She had, she says, "a very happy rural childhood and, as a July baby, some of my earliest memories are of birthday parties in the hay field.
"The worst memory, of course, is when, aged eight, the IRA came to our house to murder my father. Thankfully, they weren't successful and only injured him, but we all had to leave our family home afterwards and move to Lisnaskea."
She was educated at Aghadrumsee and Moat primary schools, the Collegiate Grammar School for Girls in Enniskillen and then Queen's University, where she graduated with a law degree and a certificate in legal studies.
She was a solicitor in private practice in Portadown and Enniskillen until she became an Ulster Unionist MLA for Fermanagh/South Tyrone in 2003.
Queen's was to be her introduction to party politics. "I didn't grow up in a political household, but in one directly affected by the IRA along the border. I was recruited into the Queen's Unionist Association by Peter Weir and was the chairwoman from 1992 to 1993."
When she left Queen's, she remained active in the party through branch membership and the Ulster Young Unionist Council, which she chaired in 1995. In 1996, she became an honorary secretary of the Ulster Unionist Council, the governing body of the UUP. She was also elected to Fermanagh District Council.
At that point, she was a well-regarded and very popular member of the party. And it was around that period, too, that a very senior member of the UUP said to me: "Watch that girl, Alex, and mark my words, she is going to be the first woman leader of this party. She has learned a lot from the likes of Thatcher when it comes to dealing with men in politics." The reason I remember it is that we had a bet on it, wrote it down and each kept a copy. We both lost.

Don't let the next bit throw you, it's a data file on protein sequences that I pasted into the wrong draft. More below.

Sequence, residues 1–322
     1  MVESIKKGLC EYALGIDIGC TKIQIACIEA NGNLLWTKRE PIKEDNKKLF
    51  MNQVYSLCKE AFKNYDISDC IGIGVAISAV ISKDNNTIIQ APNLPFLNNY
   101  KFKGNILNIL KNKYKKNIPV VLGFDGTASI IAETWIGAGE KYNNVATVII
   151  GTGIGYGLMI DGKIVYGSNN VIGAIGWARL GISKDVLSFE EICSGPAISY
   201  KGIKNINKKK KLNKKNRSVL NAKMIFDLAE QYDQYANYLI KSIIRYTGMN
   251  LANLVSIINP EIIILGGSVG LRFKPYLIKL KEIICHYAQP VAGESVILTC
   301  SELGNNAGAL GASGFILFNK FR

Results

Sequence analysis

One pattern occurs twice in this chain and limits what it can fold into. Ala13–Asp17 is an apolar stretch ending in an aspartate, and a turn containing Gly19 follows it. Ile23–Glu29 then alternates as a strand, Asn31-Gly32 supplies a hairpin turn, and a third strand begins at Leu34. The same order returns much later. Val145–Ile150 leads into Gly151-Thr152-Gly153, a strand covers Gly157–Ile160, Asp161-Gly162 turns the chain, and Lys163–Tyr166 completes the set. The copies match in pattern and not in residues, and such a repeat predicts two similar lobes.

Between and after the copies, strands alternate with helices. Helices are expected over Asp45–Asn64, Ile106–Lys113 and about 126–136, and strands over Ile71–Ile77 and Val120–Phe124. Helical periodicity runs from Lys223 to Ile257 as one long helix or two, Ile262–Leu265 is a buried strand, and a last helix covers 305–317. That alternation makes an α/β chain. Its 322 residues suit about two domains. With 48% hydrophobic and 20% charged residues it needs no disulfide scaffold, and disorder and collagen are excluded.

But the decision by the UUP - endorsed by the UUC - to enter talks with Sinn Fein in 1997 (prior to IRA decommissioning) made her position within the party increasingly difficult. "That period was hugely difficult," she said. "Tony Blair once told the group that was known as the 'baby barristers' (a number of the leading lights in the Young Unionists, including her, Peter Weir, Peter King, David Brewster and John Hunter all had legal backgrounds) that it was easy to say no to the Agreement. But he was wrong. He showed no understanding of the people he was talking to. It was actually very, very difficult for us to say no to the Belfast Agreement as up to then we had all been very strong UUP members."
So bitter and personal did the civil war become in the UUP at that time that it tends to be forgotten that many in the so-called anti-Agreement camp weren't, in fact, anti any sort of agreement. Many of them acknowledged that devolution was preferable to direct rule and that devolution would require buy-in from all sides. Their concern was that David Trimble was taking far too much on trust rather than nailing down some of the key planks.